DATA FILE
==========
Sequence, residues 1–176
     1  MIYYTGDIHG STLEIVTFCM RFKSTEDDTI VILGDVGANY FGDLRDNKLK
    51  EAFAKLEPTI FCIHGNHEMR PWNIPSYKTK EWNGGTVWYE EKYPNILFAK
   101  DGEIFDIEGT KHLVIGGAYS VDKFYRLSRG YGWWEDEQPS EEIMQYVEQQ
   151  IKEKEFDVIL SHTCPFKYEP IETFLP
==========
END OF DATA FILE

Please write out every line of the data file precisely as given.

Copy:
Sequence, residues 1–176
     1  MIYYTGDIHG STLEIVTFCM RFKSTEDDTI VILGDVGANY FGDLRDNKLK
    51  EAFAKLEPTI FCIHGNHEMR PWNIPSYKTK EWNGGTVWYE EKYPNILFAK
   101  DGEIFDIEGT KHLVIGGAYS VDKFYRLSRG YGWWEDEQPS EEIMQYVEQQ
   151  IKEKEFDVIL SHTCPFKYEP IETFLP